An electrician who suffered a massive electric shock while working on a prestigious London development is still in hospital, six months after the incident.
George White, 27, suffered 45% burns after being electrocuted while working on the new Goldman Sachs headquarters – a £350 million development in Holborn Viaduct.
Mr White was put into a medically-induced coma for several weeks after being “set on fire” while removing a section of cable from a panel in in July 2016.
The former part-time model is still recovering from the incident at Queen Victoria Hospital in East Grinstead – a centre for specialist reconstructive surgery, burns care and rehabilitation.
Speaking to the London Evening Standard from his hospital bed, Mr White said: “The pain was so bad after the electric shock I thought I’d die. I’m so grateful to the doctors who helped me.”
Mr White, who is from East London, has been forced to give up his electrician job and part-time job as a model for an agency that specialises in “character models”.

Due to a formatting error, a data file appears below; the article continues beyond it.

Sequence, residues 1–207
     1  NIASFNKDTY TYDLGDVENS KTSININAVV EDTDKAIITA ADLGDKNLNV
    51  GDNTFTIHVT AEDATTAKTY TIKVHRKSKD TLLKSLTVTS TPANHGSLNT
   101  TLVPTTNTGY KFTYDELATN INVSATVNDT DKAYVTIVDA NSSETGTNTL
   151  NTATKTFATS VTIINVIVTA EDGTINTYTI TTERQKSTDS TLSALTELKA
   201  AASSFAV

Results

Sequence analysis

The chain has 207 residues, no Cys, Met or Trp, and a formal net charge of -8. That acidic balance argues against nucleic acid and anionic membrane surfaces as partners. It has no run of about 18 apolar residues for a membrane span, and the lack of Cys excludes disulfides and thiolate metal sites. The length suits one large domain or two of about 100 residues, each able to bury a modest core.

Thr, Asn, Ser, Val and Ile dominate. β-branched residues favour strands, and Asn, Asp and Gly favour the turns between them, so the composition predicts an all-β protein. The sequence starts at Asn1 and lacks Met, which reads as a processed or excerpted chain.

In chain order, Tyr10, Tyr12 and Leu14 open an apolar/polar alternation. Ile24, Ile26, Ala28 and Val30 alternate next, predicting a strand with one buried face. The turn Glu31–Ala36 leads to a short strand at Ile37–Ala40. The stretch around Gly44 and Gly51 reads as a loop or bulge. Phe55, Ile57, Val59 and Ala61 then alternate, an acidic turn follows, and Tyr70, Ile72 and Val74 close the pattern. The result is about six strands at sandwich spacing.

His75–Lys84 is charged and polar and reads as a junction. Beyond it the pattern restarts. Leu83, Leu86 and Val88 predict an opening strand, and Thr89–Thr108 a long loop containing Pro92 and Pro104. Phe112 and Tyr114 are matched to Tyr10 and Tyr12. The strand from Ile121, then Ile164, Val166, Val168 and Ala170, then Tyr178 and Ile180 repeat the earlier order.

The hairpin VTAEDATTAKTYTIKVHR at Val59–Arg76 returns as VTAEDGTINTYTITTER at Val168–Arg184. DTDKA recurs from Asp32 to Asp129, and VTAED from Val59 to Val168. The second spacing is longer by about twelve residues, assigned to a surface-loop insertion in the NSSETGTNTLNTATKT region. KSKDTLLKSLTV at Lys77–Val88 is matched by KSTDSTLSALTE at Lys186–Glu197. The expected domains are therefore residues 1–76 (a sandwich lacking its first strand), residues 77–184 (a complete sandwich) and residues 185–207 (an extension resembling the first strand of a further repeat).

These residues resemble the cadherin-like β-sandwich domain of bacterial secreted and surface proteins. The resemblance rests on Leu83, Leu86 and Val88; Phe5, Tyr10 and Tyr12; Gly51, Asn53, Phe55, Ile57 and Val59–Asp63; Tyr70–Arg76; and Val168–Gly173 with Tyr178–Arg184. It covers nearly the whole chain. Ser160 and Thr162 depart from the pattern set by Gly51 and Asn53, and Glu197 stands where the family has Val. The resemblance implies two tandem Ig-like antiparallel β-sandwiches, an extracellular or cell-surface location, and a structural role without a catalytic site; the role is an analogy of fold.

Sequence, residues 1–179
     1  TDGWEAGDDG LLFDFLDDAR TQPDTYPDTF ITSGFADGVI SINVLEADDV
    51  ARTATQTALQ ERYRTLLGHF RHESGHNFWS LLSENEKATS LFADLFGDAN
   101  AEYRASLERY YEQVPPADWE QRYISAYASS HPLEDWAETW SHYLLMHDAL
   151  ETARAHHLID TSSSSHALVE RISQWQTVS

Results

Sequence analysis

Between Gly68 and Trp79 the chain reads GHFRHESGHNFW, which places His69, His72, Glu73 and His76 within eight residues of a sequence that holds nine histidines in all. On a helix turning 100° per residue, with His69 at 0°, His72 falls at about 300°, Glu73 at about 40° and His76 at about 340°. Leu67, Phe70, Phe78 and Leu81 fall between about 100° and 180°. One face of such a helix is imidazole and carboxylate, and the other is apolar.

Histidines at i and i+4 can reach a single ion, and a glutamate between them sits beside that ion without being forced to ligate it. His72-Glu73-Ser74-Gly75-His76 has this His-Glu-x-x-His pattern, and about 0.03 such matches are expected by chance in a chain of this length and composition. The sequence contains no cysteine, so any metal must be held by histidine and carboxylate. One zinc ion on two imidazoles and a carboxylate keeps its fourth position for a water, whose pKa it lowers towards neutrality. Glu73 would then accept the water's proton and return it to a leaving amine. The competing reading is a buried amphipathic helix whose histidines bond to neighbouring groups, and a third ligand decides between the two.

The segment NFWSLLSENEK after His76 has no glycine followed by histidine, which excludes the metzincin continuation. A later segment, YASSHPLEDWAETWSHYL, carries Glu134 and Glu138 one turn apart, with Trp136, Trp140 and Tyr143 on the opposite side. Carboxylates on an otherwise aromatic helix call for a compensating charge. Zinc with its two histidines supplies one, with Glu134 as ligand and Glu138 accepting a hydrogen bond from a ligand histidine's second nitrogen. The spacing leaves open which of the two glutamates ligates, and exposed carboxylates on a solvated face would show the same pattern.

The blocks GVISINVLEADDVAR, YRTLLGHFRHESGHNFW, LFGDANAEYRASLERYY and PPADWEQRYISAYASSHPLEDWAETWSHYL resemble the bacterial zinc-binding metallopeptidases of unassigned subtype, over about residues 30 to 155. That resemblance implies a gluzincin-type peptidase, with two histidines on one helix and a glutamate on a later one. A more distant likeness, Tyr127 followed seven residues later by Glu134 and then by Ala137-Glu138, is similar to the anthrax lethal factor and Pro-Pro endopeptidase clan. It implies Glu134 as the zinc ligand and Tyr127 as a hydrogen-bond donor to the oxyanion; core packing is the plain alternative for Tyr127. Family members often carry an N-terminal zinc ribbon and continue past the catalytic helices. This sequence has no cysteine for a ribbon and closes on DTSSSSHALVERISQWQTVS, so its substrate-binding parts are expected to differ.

Risk assessments complete
The Standard reports that there were adequate risk assessments in place and that the electrical charge had been turned off when Mr White was electrocuted.
However, when he reached for the cable while carrying out his work, an electric current surged through his body.
He told the newspaper: “I remember seeing a flash and electricity coming out of my leg. It set me on fire. I sat on the floor breathing out black smoke, as my insides had been burnt. My arms were grey and my hands were burned to a crisp.”
The Standard has highlighted that there is “no suggestion Goldman Sachs or Mr White’s employer Wingate Electrical PLC were at fault for the accident”.
Source: The London Evening Standard